July 4 gas prices highest in 4 years, costing drivers $1B more than 2017
Gas prices on July 4 are expected to be the highest they’ve been in four years, costing drivers $1 billion more than they paid in 2017, according to price analyst GasBuddy.
Drivers will be paying an average of $2.90 per gallon, the highest prices since 2014, the Boston-based firm said Thursday.
“Making holiday travel sourer this year is that a price jump is looming,” GasBuddy said. “After five straight weeks of prices dropping, gas prices are likely to increase again ahead of July 4 as oil prices surged to $73 per barrel yesterday, the highest since 2014.”
The State Department has also ordered buyers to curb oil purchases from Iran by November. OPEC’s smaller than expected oil production increase last week fueled speculation that global inventories will continue to drop, and a government report showed U.S. oil inventories dropped three times as much as expected as petroleum exports from the U.S. hit a new record high.
Although current gas prices are below the peak of $2.98 per gallon in May, buying gas will cost drivers $1.02 billion more than last year over the first four days of July.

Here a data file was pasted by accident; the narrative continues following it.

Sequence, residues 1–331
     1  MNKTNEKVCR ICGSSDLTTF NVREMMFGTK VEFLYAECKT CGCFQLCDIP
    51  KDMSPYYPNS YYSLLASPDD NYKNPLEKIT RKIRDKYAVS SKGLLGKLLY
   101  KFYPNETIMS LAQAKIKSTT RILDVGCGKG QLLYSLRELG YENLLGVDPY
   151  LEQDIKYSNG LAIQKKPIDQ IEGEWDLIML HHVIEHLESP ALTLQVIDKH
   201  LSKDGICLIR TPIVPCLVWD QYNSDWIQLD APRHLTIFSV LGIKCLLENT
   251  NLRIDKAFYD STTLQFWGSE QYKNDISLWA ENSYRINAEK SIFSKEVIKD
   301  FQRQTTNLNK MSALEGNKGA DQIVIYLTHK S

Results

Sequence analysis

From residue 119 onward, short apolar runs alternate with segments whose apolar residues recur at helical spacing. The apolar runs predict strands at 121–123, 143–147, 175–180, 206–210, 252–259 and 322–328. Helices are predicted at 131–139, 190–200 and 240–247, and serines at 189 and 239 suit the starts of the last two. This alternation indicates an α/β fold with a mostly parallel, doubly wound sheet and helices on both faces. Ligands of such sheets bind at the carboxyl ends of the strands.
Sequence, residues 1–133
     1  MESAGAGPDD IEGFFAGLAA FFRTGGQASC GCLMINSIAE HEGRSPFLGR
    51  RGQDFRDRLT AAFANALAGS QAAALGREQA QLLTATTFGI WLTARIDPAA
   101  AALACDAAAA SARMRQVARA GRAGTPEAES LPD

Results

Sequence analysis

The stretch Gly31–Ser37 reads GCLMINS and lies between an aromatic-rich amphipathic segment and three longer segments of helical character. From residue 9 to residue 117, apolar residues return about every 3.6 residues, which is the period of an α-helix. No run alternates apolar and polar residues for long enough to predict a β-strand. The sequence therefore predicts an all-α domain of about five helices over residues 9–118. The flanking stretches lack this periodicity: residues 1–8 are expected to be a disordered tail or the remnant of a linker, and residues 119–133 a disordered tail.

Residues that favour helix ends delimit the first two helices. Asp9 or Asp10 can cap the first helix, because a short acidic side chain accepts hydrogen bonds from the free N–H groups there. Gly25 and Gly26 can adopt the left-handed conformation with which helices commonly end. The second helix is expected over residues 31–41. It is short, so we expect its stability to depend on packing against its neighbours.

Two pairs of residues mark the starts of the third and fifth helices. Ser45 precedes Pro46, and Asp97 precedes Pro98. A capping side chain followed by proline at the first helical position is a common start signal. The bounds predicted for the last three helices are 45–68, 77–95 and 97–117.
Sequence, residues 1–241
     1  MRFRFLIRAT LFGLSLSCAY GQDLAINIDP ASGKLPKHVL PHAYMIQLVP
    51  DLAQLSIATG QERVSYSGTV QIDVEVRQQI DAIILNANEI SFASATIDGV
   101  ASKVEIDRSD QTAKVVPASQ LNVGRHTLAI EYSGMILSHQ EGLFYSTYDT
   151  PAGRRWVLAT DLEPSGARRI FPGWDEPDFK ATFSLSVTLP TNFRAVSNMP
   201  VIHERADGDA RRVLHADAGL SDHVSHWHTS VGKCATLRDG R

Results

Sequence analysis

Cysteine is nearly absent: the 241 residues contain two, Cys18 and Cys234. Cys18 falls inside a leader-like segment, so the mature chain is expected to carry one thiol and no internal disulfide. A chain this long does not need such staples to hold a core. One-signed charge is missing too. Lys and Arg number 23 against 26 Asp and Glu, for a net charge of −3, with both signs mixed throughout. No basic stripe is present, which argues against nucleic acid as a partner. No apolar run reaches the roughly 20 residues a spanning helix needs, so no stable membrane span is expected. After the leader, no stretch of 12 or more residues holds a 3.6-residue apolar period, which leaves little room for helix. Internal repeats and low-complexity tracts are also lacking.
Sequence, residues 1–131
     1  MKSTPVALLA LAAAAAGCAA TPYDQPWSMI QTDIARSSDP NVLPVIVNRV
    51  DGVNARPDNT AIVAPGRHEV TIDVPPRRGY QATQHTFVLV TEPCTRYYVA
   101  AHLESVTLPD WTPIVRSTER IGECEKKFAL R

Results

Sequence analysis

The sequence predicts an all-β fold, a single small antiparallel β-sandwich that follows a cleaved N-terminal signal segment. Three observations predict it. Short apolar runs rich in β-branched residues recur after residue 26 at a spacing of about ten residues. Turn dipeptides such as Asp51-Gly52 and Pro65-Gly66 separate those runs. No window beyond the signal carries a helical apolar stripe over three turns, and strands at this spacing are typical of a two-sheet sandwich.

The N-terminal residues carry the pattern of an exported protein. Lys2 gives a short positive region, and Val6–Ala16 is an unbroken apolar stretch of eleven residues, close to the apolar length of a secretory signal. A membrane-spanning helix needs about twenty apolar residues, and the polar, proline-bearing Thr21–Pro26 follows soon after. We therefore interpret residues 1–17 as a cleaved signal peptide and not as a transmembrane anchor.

“Even with high gas prices, however, most motorists aren’t likely to curtail their travel during the most popular summer holiday, due to its appeal and rich tradition celebrating the nation’s birthday,” GasBuddy said.
GasBuddy suggests motorists traveling out of state to check prices before crossing a state line.
“Crossing a line can be exciting and fun during summer road trips, until drivers realize that they left cheaper gas prices in the dust,” said Patrick DeHaan, head of petroleum analysis at GasBuddy. “Instead, motorists should mind the state line and find the best side to fill up on.
“In some extreme cases, we’ve seen consumers spend an extra $25 on a single tank when refueling on the wrong side of the line,” he said.